Rosy Finch – Scarlet Review

In the house-painting business, the color red is an “angry color.” No one in their right mind would paint their bedroom or their town, for that matter, red. And, if you do, expect hysteria and cringing looks from visitors. Let me give you an example. The hallway that led to my office in grad school was red. Both walls. I shit you not. To make matters worse the hellish tunnel narrowed as you approached its end—where, to no one’s surprise, you could find my office. Trust me when I tell you that five years of red walls can fuck with a person. Like grad schools, animals also use the color red to ward off people. Red can represent everything from lovers to the most gruesome of deaths. And Spain’s grrrl sludge group, Rosy Finch, is every bit as varying in its topics and delivery. With artwork that looks as though poor Carrie got it again, this is Scarlet.

This is a new one for me. Not only does the band label themselves as a grrrl outfit—supporting all the feministic views that go with it—while playing a style of music that mixes the grunge of The Melvins with the stoner of Kyuss and the alt-rock of Alice in Chains. And, like Alice in Chains, the band even has an acoustic re-envisioning (The Sunset Acoustic Sessions Vol. 1) of many of the songs from their debut record (Witchboro). So far it’s been an odd career path for these Spaniards. And it gets more interesting with Scarlet. A record that is by far more hooking and heavy than the debut. Mireia Porto’s guitar tone is nasty and her vocal delivery fits the beefy licks like a surgical glove. Like Witchboro, there’s plenty of variation on Scarlet but, somehow, this works better.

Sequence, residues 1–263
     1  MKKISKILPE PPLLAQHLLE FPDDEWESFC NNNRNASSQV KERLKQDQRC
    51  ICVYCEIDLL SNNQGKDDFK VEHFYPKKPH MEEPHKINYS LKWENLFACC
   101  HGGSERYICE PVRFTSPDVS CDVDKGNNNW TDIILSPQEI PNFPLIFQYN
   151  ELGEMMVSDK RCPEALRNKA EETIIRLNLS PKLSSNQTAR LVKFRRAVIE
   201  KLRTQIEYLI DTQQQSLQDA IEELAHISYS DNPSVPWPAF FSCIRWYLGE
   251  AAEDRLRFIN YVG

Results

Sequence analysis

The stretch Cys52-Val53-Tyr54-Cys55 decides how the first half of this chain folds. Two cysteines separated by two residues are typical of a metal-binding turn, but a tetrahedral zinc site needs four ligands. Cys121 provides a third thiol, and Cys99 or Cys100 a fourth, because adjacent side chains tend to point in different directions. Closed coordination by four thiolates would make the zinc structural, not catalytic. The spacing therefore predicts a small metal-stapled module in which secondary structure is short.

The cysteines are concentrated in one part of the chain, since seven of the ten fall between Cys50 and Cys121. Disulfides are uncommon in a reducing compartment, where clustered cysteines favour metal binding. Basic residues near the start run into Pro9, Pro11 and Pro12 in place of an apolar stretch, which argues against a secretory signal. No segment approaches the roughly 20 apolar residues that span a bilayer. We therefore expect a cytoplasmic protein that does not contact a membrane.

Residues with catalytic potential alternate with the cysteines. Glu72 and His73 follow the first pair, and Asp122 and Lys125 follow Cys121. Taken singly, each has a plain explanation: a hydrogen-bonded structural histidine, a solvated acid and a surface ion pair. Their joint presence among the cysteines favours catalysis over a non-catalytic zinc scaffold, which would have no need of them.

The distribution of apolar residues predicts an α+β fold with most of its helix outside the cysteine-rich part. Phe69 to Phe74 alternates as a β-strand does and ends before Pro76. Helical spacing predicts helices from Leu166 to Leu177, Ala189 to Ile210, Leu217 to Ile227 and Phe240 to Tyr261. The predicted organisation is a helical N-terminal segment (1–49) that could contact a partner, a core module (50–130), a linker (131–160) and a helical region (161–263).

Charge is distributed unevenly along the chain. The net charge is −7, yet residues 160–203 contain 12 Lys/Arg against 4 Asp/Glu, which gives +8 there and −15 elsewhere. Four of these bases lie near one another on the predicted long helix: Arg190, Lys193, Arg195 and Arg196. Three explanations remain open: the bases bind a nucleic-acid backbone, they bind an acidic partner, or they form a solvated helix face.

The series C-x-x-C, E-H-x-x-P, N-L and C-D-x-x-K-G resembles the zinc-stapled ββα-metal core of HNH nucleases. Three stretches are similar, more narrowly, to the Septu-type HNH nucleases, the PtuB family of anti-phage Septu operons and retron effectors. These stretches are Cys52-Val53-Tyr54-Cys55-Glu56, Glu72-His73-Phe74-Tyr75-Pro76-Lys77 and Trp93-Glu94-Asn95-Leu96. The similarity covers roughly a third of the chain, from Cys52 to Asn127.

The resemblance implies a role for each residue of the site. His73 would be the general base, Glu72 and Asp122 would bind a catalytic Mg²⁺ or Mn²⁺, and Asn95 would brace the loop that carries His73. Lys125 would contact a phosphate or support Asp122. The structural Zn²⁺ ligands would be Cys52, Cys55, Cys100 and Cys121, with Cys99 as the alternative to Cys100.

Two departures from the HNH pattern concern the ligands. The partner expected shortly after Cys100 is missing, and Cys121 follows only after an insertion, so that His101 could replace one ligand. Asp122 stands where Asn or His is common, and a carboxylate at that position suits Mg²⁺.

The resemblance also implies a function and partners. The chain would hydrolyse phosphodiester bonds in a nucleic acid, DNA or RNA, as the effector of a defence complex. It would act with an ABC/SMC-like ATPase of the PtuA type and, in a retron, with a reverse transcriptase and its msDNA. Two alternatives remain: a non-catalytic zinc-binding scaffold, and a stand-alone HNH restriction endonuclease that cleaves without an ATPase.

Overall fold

We get things started with one of the best openers of the year. For me, an opening track should set the stage for what’s to come. And “Oxblood” does that to a “T.” With a growing introduction of mid-paced riff changes. But the riff it arrives at is the most headbangable, pushing the song to the hookiest chorus on the disc. Other tracks with fine choruses, killer grooves, and mighty heft are “Lava,” “Ruby,” and “Alizarina.” The former follows the opener in track placement as well as drive. The attitude is meaner than its predecessor, providing varying screams, punkish yells, and desperate croons from Porto’s voice. On the other hand, “Alizarina” is a two-minute exercise in the finger-tapping grunge of Nirvana and Queens of the Stone Age. It has a fun riff to match its energy and Porto’s scream at the end is hair raising. “Ruby” shows yet another side to the band. Not only does it have some beefy chops, but Porto’s screams are also backed by a male counterpart—much more than they are in “Oxblood.” Not only that, but the transition to calm, beautiful melodics is another surprising twist in the Rosy Finch sound.

But the moodiest and most melodic pieces on the record are “Scarlet,” “Vermillion,” and “Gin Fizz.” The latterest is the black sheep of the disc that cools my blood with those Southern vibes of Dax Riggs. It mixes this swampiness with clean vox and screams, with a mid-stride drop-off to the most ethereal interlude on the disc. Then, like closer “Dark Cherry,” it builds to a powerful finale. “Vermilion” is similar in approach but its Kyuss-meets-Queens of the Stone Age sound adds aggressiveness to its melodies. “Scarlet” throws The Melvins over its shoulders and trots with an infectious pace. Porto’s vocal and guitar arrangements meld perfectly and that gentle lull midway through is a beautiful addition.

I can’t quite put my finger on it, but I love this record. I’ve started to fall for sludge in the last five-to-six years and am a sucker, in general, for something unique. The song structures are rather simple, but the hooks and heaviness are better than I would have guessed from the descriptions of the band. Scarlet is the full package, from artwork to the album’s red theme and lyrical content. The mix is great, allowing every instrument and voice to take part in the action. All thanks to my man, Billy Anderson. Scarlet is an audial course on finding one’s identity and, for better or worse, being who you are. I’d say Rosy Finch found themselves with this one.

Rating: 4.0/5.0
DR: 8 | Format Reviewed: 320 kbps mp3
Label: Lay Bare Recordings, Discos Macarras, LaRubiaProducciones, and Spinda Records
Websites: | |
Releases Worldwide: March 6th, 2020

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